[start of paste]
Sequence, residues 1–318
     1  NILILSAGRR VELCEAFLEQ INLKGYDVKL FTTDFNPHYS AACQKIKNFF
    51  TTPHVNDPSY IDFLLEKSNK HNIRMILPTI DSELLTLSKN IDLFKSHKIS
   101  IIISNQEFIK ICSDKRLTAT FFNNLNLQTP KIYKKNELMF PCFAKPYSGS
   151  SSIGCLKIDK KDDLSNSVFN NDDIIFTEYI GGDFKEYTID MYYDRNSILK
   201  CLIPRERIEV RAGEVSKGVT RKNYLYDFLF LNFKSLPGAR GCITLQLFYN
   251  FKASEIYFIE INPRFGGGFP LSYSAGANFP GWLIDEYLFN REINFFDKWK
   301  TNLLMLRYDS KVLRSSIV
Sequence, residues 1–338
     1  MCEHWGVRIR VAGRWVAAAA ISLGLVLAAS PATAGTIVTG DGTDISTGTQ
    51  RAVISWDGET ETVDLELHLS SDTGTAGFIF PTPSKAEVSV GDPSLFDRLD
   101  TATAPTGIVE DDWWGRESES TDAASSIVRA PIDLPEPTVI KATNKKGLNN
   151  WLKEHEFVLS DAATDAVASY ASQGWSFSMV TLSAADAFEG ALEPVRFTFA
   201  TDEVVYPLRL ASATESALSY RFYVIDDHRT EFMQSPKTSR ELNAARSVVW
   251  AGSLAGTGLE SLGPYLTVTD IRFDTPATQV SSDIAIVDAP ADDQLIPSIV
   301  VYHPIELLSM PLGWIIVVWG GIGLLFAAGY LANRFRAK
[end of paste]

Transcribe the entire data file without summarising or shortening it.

Sequence, residues 1–318
     1  NILILSAGRR VELCEAFLEQ INLKGYDVKL FTTDFNPHYS AACQKIKNFF
    51  TTPHVNDPSY IDFLLEKSNK HNIRMILPTI DSELLTLSKN IDLFKSHKIS
   101  IIISNQEFIK ICSDKRLTAT FFNNLNLQTP KIYKKNELMF PCFAKPYSGS
   151  SSIGCLKIDK KDDLSNSVFN NDDIIFTEYI GGDFKEYTID MYYDRNSILK
   201  CLIPRERIEV RAGEVSKGVT RKNYLYDFLF LNFKSLPGAR GCITLQLFYN
   251  FKASEIYFIE INPRFGGGFP LSYSAGANFP GWLIDEYLFN REINFFDKWK
   301  TNLLMLRYDS KVLRSSIV
Sequence, residues 1–338
     1  MCEHWGVRIR VAGRWVAAAA ISLGLVLAAS PATAGTIVTG DGTDISTGTQ
    51  RAVISWDGET ETVDLELHLS SDTGTAGFIF PTPSKAEVSV GDPSLFDRLD
   101  TATAPTGIVE DDWWGRESES TDAASSIVRA PIDLPEPTVI KATNKKGLNN
   151  WLKEHEFVLS DAATDAVASY ASQGWSFSMV TLSAADAFEG ALEPVRFTFA
   201  TDEVVYPLRL ASATESALSY RFYVIDDHRT EFMQSPKTSR ELNAARSVVW
   251  AGSLAGTGLE SLGPYLTVTD IRFDTPATQV SSDIAIVDAP ADDQLIPSIV
   301  VYHPIELLSM PLGWIIVVWG GIGLLFAAGY LANRFRAK